After a visit to Sam's grave (who Edgar was forced to kill when he turned into a vampire), in which Edgar returns to Sam the Batman #14 that Sam had boasted having when they met, Edgar finds that Alan has left him a book of vampire history to help in his mission. Edgar gives the book to Zoe to research. She is attacked by a vampire, but she and Edgar defeat it, and she explains what she has learned about a ritual sacrifice during a Blood Moon, such as the one that will occur the night of the rave.

Congressman Blake, now Edgar's weapons designer (for a fee) outfits Edgar and Zoe for battle. After fighting off an attack on Blake's house, they meet up with Gwen, Lars, and Claus, and set off for the island where the rave is taking place. Leaving Gwen behind for her safety, the remaining four go inside in search of Peter. Lars finds him, but thinking that the whole thing is staged, leaves Peter to rescue him at a more dramatic time. As they fight various vampires, Lars has his heart ripped out by one of them and Edgar is injured but rejoins Gwen, Claus, and Zoe in returning to the building.

DJ X is distributing The Thirst to the crowd, and preparing to sacrifice Peter. Edgar takes on DJ X, and is narrowly saved by the timely arrival of Alan. The vampire hunters rally, and Edgar impales DJ X with a resin spike grenade (a weapon stolen from Area 51 by Congressman Blake) before he and Alan finish him off with swords through the heart.

To their surprise, the death of DJ X doesn't cause the half-vampires to revert. They discover that Peter was the real alpha vampire (and Gwen is not his sister), whose power DJ X was attempting to extract. Gwen's rescue mission was also a ruse to bring Edgar to Peter, who wanted him to become his personal vampire hit-man, to keep other vampires under control. Peter kills Gwen instead of turning her like she wanted and orders the other vampires to kill Edgar and the rest. Peter attempts to use his partial control over Alan against Edgar, but Edgar douses Peter with water which he simultaneously blesses into holy water, destroying Peter and returning everyone else to normal.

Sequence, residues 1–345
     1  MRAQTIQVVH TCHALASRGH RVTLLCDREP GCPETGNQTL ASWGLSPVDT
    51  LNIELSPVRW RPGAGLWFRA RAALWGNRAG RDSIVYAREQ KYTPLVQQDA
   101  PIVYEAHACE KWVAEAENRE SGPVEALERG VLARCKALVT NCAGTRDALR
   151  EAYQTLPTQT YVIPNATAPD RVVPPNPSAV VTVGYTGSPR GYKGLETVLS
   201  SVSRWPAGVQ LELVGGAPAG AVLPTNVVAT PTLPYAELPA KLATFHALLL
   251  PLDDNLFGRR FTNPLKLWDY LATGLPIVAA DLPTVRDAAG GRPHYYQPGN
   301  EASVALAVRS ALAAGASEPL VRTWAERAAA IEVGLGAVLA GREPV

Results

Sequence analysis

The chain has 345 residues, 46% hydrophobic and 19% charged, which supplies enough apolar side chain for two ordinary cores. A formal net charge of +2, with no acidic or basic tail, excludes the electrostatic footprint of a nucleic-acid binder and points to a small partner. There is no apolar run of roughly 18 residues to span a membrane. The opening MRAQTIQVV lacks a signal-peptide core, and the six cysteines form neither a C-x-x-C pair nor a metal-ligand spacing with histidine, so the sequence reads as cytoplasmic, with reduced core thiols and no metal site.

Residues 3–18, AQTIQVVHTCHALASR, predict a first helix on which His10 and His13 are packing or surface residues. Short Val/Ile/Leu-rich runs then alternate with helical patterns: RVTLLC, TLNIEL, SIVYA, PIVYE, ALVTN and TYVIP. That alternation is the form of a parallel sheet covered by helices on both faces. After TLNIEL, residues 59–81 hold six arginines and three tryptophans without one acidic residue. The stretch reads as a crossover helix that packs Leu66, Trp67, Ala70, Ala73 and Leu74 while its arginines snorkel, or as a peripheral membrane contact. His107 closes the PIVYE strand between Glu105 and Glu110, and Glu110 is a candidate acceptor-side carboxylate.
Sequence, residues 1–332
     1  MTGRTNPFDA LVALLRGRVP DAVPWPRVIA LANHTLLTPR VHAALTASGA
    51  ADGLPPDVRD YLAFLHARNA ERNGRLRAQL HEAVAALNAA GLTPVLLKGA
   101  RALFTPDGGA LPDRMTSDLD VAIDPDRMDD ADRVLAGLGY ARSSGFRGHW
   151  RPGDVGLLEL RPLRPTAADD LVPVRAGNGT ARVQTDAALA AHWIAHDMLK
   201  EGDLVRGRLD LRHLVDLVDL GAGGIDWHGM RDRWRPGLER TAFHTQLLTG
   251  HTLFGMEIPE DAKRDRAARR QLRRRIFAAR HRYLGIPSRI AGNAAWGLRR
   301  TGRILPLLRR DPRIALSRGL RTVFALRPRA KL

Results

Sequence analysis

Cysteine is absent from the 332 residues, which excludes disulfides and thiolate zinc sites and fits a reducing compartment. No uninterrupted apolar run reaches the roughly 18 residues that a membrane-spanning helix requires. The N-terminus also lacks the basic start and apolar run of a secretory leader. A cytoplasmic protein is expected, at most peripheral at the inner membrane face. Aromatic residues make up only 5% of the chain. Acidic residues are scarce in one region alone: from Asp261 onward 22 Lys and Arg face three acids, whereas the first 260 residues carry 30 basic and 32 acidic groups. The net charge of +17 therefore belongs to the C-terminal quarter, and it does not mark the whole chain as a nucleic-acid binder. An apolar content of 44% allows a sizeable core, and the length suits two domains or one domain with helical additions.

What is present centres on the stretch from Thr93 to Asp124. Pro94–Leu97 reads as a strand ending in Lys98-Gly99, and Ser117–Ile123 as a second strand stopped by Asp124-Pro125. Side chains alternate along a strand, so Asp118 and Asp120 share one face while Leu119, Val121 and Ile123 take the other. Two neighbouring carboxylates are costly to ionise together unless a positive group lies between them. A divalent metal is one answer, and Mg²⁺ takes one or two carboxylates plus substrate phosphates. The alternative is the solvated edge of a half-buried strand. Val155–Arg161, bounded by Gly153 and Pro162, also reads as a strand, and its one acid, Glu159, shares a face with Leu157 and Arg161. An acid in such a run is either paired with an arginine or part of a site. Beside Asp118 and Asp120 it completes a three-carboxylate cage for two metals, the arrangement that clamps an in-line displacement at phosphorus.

Later, as Alan enjoys getting his first suntan in years, Zoe and Edgar reflect on their adventure. Edgar wonders about her knowledge that vampires were real, which she dismisses as "a hunch". Edgar comments about something he's just read about werewolves being able to transform at any time, and the audience is teased with the sight of her eyes becoming wolflike.

Cast[edit]

Production[edit]

Filming began on location in South Africa in November 2009.[3] Corey Haim had originally confirmed that he would not be participating in the film, citing a very busy schedule. He had said he was looking forward to coming back for a fourth film, before his death in March 2010.[4] It is the second sequel to the original 1987 film The Lost Boys, following Lost Boys: The Tribe.[5] In this sequel, Corey Feldman and Jamison Newlander reprise their roles again as Edgar and Alan Frog.[6]

Release and reception[edit]

It was released as a direct-to-video film in October 2010.[7] Warner Premiere set the DVD and Blu-ray release for October 12, 2010.[8] It received negative reviews from critics and currently holds a 0 percent rating on review aggregator site Rotten Tomatoes.[9]

See also[edit]

References[edit]

External links[edit]